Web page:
aftermath of September 11th, the generosity of people around the country to the people and
animals directly affected by those events was nothing short of inspirational. Just as
none of us will forget what happened on that terrible day, none of us will ever forget the
incredible response of so many caring individuals ... from the uniformed response personnel,
to the volunteers, to the contributors from far and wide.
GRRI volunteers, like so many others, our first thoughts that
day were with family, friends,
neighbors and fellow volunteers, so many of whom lived or worked
in lower Manhattan.
We also were concerned about Jagger
and his Port Authority Police Partner, Officer Rich Colon
... who had been stationed at the
World Trade Center.
day wore on, we were very relieved to learn that Rich and Jagger were safe -- they happened
to be off duty that morning; we accounted for family and friends and neighbors and fellow volunteers;
and, sadly, we learned of the many -- both known to us and strangers -- who were missing.
time of fast moving and often conflicting information about
the status of rescue and recovery
efforts at Ground Zero, all of us at GRRI wanted to do something
we decided to email our mailing list to advise them to contact us if they knew of a Golden
needing our help as result of the tragedy, and to alert them that we would be keeping our
website updated with information pertaining to WTC related animal rescue overall. Then,
as Search and Rescue teams from around the country began their efforts, we worked to find out
what they needed most. Their answer was clear: Money.
short order, and thanks to some very dedicated and enterprising volunteers who held a garage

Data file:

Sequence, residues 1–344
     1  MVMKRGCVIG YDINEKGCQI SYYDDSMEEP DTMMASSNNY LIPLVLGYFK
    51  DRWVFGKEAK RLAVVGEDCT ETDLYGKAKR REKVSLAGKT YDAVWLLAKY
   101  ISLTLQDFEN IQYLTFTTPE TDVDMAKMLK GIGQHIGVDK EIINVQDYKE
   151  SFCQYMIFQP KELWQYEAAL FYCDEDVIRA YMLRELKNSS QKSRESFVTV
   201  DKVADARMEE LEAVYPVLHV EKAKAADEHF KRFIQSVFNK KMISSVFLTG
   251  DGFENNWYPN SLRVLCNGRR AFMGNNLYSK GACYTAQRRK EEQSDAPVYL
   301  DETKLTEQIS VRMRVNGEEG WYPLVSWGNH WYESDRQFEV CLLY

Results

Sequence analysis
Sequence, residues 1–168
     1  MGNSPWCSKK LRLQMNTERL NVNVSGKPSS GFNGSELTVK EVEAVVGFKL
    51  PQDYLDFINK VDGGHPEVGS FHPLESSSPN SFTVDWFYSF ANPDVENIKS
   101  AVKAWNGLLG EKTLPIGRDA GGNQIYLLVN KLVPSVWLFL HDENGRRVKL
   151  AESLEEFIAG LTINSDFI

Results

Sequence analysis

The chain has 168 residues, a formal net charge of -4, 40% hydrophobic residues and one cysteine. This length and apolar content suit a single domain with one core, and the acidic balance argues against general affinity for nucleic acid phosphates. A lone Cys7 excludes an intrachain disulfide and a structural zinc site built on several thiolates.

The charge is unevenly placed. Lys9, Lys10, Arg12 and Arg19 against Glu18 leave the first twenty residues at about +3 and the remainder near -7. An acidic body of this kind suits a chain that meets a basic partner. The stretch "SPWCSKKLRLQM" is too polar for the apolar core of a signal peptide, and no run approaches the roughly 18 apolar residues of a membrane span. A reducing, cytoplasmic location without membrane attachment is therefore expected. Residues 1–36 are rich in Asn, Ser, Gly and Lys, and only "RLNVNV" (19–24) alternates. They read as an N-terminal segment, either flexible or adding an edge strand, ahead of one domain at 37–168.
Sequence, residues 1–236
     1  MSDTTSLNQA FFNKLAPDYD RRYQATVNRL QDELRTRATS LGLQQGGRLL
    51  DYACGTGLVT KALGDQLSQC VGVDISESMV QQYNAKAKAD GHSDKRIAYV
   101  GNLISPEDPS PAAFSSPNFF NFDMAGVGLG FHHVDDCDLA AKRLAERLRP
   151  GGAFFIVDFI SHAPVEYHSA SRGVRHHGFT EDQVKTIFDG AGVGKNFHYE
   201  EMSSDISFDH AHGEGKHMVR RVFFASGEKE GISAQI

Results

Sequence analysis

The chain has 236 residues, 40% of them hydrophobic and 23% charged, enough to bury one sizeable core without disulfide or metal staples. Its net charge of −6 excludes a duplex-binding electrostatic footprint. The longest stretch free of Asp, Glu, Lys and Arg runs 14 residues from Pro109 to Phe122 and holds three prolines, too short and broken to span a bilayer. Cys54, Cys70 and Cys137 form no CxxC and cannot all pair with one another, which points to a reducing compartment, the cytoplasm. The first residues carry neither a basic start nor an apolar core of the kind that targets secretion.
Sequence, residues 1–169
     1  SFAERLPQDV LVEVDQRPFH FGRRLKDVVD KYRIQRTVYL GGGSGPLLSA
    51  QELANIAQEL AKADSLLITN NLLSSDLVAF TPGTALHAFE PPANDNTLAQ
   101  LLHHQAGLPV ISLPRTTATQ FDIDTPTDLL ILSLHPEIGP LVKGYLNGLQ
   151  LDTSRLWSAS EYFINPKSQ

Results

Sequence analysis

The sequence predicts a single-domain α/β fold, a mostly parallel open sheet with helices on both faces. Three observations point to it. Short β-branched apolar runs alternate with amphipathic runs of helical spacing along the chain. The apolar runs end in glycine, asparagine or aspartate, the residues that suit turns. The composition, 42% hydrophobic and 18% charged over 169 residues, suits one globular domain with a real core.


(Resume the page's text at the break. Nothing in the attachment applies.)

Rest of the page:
sale in one case, and made and sold patriotic and dog themed ribbons at several local events,
GRRI then raised and donated more than $2,600 to the search and rescue team efforts.
Search and Rescue, is
local to the area, with volunteer teams from New Jersey and
Pennsylvania. Their teams
and others spent more than 3 weeks at the Fresh Kills Landfill,
combing debris for human remains
which were then collected for DNA testing. The work was so
hazardous -- particularly for the
dogs -- that many of the animals have required substantial
medical care and may have to be
retired from future service. A terrible loss, since it
takes approximately 2
years of highly specialized training for each dog to become
a certified search dog. Ribbon
sales generated $1,864 for the Recovery
which will be used to help offset the various veterinary
and other costs the Fresh Kills teams absorbed during
their volunteer efforts.
balance of our ribbon sales -- and the proceeds from a garage sale (see our Letters
page) -- amounted to $789, and was donated to the National
Disaster Search Dog Foundation, a California based organization who turns rescued and donated
dogs into search dogs, and who sent 13 SAR teams to Ground Zero.
extends its heartfelt thanks to the many people who made these donations possible.
SAR teams worked tirelessly
in the wake of the WTC disaster ... and have ongoing needs to help them recover from
efforts and prepare for whatever missions lie ahead.